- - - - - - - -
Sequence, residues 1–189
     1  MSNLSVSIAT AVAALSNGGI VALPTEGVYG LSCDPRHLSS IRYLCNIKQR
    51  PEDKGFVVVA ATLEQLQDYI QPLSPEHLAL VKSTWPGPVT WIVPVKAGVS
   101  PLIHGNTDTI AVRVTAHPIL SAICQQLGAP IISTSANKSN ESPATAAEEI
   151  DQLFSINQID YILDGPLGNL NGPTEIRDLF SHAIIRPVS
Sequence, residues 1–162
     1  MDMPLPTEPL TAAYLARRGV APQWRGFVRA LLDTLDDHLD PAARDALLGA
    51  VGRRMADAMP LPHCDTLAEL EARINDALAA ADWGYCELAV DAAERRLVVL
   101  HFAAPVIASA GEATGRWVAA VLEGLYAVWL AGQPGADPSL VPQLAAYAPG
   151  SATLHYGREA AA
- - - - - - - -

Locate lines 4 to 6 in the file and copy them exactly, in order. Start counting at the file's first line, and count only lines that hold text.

   101  PLIHGNTDTI AVRVTAHPIL SAICQQLGAP IISTSANKSN ESPATAAEEI
   151  DQLFSINQID YILDGPLGNL NGPTEIRDLF SHAIIRPVS
Sequence, residues 1–162